COLLECTORS COULD STRIKE GOLD
When little-known California toy collection is auctioned…
Michael O’Hearn collection “flew under the radar” for nearly three decades.
DENVER, PA. – Dan Morphy Auctions has become a hive of activity over the past year since the introduction of its new Discovery & Specialty Auctions – which offer collectors variety and a choice of price points – and its tightly focused Specialty Auctions that present one particular type of collectible, such as antique firearms. The cream of the crop – whether it’s toy trains, advertising or fine and decorative art – is reserved for Morphy’s Premier Auction series, the first of which will take place July 16-17.
Featuring 1,300+ lots of toys and advertising, the July Premier event offers as its centerpiece the collection of retired California architect and Victorian home restorer Michael O’Hearn (read Michael O’Hearn’s Collector Profile). The collection of mostly mint/boxed toys was amassed over a 28-year period and will be offered unpicked and in its entirety. It runs the gamut from European, early American and Japanese toys to pressed steel, pedal cars and even two actual hot rods.
“Very few people have seen or heard of this truly exceptional collection,” said auction company owner Dan Morphy. “Mr. O’Hearn never sold a toy; over the years he only bought, and in each of the 46 categories of his collection, he kept the emphasis on condition. Almost all of the O’Hearn toys are a strong 9 out of 10 or better. What’s amazing is that, as large as this collection is and as long as it took to put it together, it was only ever viewed by a few people. To most collectors, it is an unknown collection that has flown under the radar for nearly three decades. It’s as fresh to the market as it gets, and collectors are going to love it.”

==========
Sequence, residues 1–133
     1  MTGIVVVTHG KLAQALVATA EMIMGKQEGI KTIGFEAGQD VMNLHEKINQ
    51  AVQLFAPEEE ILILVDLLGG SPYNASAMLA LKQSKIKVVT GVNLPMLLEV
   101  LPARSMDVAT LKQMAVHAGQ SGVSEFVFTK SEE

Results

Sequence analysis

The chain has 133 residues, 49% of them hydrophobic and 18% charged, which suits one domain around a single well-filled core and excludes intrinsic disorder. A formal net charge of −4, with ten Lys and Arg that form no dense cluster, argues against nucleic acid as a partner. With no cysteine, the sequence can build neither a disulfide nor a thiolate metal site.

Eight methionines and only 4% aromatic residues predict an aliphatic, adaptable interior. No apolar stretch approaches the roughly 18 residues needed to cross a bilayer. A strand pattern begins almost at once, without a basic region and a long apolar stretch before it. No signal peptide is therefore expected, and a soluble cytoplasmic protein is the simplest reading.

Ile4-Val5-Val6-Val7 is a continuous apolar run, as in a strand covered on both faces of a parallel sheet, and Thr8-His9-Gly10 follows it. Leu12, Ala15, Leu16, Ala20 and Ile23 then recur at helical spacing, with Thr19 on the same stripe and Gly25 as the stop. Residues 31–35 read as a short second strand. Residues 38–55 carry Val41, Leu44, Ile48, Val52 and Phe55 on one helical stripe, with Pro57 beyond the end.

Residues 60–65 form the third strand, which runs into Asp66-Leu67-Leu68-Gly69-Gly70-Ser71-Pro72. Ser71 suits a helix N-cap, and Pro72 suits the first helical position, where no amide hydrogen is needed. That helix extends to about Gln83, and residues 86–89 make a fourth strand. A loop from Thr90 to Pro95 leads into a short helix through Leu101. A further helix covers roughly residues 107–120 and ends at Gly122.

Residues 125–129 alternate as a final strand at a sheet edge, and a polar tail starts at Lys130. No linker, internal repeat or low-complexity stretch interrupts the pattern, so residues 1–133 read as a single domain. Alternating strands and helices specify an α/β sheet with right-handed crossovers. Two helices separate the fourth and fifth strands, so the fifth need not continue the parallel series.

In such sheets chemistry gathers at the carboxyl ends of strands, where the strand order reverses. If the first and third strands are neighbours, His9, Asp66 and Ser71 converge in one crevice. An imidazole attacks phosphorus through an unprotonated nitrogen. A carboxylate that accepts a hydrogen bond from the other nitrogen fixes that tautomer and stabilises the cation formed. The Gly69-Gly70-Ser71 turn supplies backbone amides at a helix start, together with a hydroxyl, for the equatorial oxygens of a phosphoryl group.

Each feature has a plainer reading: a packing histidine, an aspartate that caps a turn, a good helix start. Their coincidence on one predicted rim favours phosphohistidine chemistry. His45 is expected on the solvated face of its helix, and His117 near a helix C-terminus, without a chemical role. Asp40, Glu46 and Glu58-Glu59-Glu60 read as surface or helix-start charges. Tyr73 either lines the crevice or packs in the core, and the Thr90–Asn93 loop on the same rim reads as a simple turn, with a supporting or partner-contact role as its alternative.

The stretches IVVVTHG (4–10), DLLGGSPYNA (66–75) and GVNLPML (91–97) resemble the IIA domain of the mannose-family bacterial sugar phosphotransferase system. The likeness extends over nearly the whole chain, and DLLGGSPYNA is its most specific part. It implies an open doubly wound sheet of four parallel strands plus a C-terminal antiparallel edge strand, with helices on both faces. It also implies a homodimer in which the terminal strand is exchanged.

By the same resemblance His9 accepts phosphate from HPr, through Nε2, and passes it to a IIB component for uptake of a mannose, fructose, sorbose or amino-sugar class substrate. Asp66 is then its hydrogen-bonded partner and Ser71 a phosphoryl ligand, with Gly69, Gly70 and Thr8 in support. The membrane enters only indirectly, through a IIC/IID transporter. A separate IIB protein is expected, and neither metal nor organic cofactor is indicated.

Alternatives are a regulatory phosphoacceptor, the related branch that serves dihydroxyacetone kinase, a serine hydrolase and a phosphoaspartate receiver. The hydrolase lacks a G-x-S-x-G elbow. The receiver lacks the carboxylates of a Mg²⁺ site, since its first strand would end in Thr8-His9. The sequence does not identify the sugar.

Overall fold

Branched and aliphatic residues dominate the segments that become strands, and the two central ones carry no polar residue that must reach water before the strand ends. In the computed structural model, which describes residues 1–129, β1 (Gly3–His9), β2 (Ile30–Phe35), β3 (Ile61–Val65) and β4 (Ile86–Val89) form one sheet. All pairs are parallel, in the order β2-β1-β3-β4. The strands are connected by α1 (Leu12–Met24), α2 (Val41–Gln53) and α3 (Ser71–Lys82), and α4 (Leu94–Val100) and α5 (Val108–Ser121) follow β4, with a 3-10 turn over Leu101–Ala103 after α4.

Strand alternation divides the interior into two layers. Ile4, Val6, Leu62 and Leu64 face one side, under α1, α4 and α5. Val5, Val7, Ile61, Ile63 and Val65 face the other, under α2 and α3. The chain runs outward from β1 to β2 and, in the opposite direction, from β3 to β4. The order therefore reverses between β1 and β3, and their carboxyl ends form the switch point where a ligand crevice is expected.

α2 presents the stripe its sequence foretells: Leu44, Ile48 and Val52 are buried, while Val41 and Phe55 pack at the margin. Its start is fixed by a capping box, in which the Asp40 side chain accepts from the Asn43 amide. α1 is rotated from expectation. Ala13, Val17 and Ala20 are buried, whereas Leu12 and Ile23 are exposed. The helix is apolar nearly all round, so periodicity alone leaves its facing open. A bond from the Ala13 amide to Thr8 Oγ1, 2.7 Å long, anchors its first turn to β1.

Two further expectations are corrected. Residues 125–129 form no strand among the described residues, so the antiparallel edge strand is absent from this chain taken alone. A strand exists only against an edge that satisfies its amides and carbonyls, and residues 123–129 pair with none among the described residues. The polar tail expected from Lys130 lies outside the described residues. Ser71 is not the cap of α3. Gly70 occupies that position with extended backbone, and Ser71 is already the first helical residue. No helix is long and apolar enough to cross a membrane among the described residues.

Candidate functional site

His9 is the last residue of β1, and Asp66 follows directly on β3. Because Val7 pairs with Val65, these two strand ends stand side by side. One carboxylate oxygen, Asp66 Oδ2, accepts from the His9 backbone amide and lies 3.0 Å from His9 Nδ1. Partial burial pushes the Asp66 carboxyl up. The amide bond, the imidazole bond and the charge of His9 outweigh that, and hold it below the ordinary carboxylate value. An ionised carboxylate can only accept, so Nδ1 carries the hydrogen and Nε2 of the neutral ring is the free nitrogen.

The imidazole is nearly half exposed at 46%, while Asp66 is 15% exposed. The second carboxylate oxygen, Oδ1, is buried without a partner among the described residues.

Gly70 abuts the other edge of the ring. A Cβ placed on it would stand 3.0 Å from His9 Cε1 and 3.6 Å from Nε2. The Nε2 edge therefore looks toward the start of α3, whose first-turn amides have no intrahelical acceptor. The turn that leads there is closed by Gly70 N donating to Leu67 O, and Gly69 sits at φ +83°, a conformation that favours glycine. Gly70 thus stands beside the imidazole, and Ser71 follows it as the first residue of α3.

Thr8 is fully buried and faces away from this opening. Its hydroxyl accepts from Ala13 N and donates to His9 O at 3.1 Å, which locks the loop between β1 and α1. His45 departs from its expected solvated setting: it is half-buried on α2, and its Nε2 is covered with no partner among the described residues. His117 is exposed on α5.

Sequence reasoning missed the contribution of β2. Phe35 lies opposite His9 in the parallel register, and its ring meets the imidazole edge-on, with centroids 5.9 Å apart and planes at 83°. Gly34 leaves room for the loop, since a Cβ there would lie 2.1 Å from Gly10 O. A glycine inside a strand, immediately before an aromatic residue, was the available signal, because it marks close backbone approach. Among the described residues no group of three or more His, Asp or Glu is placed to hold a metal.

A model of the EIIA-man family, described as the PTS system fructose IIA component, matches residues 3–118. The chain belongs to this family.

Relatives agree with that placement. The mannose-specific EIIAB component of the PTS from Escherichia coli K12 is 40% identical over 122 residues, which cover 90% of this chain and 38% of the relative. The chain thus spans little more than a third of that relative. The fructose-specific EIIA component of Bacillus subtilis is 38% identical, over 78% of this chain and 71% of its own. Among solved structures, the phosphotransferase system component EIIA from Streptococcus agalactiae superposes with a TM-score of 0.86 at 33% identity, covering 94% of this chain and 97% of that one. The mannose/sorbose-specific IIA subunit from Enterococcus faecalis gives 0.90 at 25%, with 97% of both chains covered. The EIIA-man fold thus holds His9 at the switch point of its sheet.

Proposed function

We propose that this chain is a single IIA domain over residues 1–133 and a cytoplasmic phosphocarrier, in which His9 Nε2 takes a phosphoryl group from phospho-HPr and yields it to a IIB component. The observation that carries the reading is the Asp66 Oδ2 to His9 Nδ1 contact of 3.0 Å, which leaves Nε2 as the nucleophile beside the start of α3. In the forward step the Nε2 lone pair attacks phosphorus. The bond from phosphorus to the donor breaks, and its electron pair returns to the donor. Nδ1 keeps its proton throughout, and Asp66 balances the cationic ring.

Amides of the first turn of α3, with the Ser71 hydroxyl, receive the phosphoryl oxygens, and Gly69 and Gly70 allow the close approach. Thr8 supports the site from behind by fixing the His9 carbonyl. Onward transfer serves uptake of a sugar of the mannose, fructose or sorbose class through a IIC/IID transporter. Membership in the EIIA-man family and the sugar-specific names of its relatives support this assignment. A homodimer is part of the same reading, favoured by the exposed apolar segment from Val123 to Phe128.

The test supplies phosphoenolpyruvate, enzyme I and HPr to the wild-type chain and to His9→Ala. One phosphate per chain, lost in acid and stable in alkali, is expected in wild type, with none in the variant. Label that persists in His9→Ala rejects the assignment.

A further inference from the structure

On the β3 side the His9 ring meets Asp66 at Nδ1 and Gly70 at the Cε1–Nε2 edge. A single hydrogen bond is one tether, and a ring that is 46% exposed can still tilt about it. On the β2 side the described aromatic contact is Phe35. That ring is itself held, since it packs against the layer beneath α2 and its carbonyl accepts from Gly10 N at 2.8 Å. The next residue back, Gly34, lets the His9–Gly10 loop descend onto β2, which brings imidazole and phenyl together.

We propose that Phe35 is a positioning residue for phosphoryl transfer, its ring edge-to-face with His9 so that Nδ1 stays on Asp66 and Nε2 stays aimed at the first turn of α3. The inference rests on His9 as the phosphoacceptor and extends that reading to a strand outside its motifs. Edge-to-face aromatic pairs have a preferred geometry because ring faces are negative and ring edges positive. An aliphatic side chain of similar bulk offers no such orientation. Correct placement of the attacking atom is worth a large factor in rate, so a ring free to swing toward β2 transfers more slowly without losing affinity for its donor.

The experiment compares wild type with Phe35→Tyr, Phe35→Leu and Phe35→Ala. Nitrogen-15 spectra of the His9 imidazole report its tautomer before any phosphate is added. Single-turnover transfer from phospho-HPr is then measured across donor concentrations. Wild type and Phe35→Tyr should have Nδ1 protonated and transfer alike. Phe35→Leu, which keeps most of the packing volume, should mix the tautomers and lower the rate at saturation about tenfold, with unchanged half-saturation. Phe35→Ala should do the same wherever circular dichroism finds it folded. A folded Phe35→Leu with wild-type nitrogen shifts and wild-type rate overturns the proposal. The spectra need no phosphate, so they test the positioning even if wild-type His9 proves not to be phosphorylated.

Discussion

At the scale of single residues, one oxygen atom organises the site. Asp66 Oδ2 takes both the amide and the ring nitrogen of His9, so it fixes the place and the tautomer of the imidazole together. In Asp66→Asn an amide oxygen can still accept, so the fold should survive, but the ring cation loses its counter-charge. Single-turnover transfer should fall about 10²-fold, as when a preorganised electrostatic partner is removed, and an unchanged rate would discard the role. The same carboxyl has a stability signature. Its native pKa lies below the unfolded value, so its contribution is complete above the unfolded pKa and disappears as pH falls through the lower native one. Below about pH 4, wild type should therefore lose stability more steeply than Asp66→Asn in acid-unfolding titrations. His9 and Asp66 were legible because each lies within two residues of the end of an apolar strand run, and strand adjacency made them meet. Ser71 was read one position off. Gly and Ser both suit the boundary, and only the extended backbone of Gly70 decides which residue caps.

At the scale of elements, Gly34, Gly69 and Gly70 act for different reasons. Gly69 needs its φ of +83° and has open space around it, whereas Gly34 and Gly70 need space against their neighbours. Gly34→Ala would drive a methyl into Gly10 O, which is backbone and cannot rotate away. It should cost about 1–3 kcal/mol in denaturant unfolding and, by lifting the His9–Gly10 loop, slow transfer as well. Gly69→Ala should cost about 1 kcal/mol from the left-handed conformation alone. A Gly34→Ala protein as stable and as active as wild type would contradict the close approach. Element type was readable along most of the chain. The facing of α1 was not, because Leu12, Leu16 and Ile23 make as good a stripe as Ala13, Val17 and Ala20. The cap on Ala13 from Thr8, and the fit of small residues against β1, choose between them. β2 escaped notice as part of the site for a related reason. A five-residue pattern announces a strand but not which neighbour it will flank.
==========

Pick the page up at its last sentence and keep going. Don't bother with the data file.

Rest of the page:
The auction’s flagship collection came to Morphy’s as a result of the 20-year business association and friendship between O’Hearn and Morphy’s chief operating officer, Tom Sage Jr. “I started selling toys to Michael in the late 1980s or early 1990s, through my ads in Antique Toy World,” said Sage. “He was always very pleasant to deal with, a real gentleman. He was also very modest. For many years I had no idea how large and impressive his collection was, until Michael extended an invitation to Dan and myself to visit his home and view the toys. We took him up on the invitation.”
“At his house, he had six cases filled with toys downstairs, which in itself, was not that unusual, but then we went into a second room, a third room and then upstairs. I couldn’t believe what I saw. I never would have imagined he had some 4,000 toys in his collection, at least 2,500 of them in their original boxes. As toy collections go, it’s a California gold mine, right up there with the very best, and I’m really honored that Michael entrusted the collection to us.”
The Friday, July 16 session will open with more than 75 boxed robot and space toy lots. Highlights include boxed examples of a New Space Station (estimate $1,000-$1,500), a standard Space Station ($1,500-$2,000) and a friction Space Bus ($1,200-$1,800). A TV Space Patrol Car is expected to make $1,500-$2,500.